The well, which was spudded on 10 December 2020, has been producing at a stabilised rate of 9,000 stock tank barrels per day (stb/d) of dry oil.
The flow rate, however, is limited by the size of the downhole electrical submersible pump, which is installed in the well.
In a press statement, Masirah Oil said: “Yumna 2 encountered ten metres of Lower Aruma sandstone with a porosity of 21%, proving that the good quality reservoir sand is extensive to the north of Yumna 1; the permeability is about 2,000md.
“The reservoir pressure depletion over the first year of production is around 100psi, confirming that excellent pressure support is provided by a strong aquifer.”
Masirah Oil spudded the third production well, Yumna 3, on 20 January 2021. It is being drilled using Shelf Drilling Tenacious Jack-up rig, targeting a crestal location in the field and up-dip from the discovery well GAS-1.
Upon completion of the drilling programme at the third well, the jack-up rig will be relocated to drill the Zakhera prospect, targeting a structure that looks similar to the Yumna field.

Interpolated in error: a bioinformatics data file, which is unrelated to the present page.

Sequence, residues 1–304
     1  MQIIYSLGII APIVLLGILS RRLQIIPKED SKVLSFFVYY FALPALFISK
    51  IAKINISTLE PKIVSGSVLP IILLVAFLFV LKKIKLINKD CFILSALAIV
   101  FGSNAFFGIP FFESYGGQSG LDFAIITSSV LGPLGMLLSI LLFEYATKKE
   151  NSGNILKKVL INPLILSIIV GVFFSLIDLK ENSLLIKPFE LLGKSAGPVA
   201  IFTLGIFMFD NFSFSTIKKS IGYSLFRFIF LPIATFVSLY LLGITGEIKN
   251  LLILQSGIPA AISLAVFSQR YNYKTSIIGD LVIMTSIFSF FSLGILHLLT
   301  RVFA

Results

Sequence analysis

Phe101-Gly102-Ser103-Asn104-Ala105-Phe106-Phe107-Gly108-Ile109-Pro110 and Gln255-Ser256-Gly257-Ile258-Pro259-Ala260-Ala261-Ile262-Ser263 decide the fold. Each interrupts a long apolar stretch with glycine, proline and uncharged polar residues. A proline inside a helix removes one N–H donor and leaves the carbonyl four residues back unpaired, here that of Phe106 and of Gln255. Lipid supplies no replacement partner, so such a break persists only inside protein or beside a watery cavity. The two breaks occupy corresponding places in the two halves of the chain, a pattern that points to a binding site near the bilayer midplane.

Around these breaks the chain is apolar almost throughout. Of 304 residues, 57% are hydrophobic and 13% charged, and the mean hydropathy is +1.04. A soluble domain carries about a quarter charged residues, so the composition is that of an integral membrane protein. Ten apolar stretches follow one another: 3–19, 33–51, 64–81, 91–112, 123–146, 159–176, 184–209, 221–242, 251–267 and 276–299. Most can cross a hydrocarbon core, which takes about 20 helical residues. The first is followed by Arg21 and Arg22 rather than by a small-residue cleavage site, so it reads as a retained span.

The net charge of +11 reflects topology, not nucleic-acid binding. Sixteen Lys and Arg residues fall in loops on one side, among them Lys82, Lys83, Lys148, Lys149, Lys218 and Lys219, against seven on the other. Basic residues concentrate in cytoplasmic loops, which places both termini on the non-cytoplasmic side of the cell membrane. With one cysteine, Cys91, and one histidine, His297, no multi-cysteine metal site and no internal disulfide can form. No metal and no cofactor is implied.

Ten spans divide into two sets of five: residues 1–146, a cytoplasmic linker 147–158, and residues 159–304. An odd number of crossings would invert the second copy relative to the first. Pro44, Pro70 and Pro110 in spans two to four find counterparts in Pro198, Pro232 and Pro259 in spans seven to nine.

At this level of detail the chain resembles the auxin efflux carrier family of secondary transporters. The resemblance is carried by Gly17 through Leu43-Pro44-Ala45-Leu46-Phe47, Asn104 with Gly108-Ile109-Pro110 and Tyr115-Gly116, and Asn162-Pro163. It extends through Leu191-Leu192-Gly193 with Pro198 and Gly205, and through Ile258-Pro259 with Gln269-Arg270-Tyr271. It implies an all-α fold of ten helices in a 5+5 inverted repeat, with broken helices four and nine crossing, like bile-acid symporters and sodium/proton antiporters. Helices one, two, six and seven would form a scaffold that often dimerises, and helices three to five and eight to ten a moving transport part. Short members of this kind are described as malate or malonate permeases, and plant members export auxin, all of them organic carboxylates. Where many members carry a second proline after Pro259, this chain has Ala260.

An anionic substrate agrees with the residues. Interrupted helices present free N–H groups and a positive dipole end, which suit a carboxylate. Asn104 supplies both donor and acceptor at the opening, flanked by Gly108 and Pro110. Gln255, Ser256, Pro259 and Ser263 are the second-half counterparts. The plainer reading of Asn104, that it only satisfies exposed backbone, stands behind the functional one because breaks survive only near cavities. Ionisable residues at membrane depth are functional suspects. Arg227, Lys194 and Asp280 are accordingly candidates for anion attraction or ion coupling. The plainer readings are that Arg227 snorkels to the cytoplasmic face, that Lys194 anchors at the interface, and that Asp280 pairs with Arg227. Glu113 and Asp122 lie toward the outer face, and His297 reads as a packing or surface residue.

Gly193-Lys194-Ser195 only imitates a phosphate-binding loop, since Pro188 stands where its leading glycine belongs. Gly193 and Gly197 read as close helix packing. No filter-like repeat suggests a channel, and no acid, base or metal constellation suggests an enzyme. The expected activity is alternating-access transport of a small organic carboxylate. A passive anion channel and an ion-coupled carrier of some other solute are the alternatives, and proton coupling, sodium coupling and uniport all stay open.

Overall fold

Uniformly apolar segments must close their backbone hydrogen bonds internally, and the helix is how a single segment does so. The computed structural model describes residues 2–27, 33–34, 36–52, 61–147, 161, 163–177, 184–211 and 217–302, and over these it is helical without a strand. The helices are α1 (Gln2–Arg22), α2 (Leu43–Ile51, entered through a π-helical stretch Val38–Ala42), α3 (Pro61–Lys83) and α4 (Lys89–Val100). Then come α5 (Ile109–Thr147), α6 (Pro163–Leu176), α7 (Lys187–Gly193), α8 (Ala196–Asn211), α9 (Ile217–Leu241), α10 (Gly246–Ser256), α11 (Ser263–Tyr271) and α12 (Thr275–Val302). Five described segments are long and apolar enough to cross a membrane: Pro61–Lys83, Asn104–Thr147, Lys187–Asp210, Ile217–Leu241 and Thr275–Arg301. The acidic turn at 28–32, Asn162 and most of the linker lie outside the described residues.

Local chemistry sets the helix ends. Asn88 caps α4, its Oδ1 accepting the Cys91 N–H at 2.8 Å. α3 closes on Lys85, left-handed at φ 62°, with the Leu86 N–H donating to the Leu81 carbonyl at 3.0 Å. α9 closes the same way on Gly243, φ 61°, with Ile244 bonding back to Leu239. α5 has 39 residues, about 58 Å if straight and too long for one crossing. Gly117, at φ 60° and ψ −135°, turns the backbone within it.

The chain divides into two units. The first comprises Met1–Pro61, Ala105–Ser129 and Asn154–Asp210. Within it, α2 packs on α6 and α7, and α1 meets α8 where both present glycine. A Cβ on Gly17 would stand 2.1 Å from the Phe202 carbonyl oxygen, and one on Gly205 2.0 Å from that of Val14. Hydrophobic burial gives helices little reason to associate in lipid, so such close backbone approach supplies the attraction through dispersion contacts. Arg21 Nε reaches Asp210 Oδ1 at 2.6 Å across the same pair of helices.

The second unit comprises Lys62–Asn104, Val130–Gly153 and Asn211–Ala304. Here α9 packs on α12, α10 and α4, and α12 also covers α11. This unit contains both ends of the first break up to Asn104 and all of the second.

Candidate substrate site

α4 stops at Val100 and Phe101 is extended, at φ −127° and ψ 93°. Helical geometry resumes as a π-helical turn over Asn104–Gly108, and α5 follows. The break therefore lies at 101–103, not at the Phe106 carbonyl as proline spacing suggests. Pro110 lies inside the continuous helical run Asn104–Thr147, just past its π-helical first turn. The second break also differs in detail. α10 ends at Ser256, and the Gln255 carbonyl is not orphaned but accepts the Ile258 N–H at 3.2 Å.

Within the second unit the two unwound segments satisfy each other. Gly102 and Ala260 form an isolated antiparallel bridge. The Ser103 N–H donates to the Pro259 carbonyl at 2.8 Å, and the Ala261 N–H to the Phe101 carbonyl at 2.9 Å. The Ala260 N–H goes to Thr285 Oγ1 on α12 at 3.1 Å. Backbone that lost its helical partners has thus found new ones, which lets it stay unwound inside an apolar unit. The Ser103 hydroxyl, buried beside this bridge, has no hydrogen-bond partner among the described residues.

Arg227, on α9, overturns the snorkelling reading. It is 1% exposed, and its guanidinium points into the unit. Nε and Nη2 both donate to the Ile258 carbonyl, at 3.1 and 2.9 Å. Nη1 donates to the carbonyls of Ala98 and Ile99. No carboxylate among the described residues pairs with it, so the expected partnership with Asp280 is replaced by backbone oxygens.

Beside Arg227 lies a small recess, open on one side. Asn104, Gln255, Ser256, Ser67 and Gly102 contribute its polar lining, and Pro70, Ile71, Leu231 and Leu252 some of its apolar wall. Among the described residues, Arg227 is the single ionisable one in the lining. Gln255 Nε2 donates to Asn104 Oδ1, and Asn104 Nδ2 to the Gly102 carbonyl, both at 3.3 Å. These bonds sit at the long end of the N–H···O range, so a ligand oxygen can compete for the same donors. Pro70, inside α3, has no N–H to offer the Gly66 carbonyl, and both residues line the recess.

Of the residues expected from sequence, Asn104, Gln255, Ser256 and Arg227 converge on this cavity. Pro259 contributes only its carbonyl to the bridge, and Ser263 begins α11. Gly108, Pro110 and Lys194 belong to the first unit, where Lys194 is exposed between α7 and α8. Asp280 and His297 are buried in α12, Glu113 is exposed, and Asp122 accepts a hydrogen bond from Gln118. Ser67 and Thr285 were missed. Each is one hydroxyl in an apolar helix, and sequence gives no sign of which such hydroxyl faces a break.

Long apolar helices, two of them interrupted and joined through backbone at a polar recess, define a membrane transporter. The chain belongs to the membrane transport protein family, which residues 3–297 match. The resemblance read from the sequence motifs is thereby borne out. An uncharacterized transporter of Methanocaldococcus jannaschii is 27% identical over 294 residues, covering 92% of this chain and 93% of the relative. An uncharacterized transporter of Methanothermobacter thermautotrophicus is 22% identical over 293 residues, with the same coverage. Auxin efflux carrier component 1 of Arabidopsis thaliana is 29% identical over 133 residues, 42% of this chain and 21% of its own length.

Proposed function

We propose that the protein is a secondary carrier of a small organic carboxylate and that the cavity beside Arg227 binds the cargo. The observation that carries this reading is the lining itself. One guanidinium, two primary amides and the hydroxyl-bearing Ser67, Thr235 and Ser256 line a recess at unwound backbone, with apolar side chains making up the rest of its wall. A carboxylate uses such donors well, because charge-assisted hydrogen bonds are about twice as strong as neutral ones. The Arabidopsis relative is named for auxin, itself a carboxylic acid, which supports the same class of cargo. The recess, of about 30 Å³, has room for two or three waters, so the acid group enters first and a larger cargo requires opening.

The Zakhera prospect is located about 12km to the south of the Yumna field.
The firm is also upgrading production facilities on the Yumna Mobile Offshore Production Unit (MOPU) to double the liquid processing capacity while accommodating production from the three Yumna wells.
The upgrade is planned for completion by the end of the first quarter of this year.
Rex executive chairman Dan Broström said: “We are very pleased that the Yumna 2 well was developed successfully and is now already producing 9,000bpd. When Yumna 1 resumes production and the new Yumna 3 is completed, we are looking forward to steady production from the three Yumna wells.
“We are therefore in the process of upgrading the present maximum liquid processing capacity to handle up to 30,000bpd. We will keep the market updated as soon as we have the results from Yumna 3 and the Zakhera exploration well.”
Last August, Oman’s national petroleum investment company OQ announced it is working with engineering firm Phazero to develop artificial intelligence software to predict component malfunctions in the country’s refineries before they happen.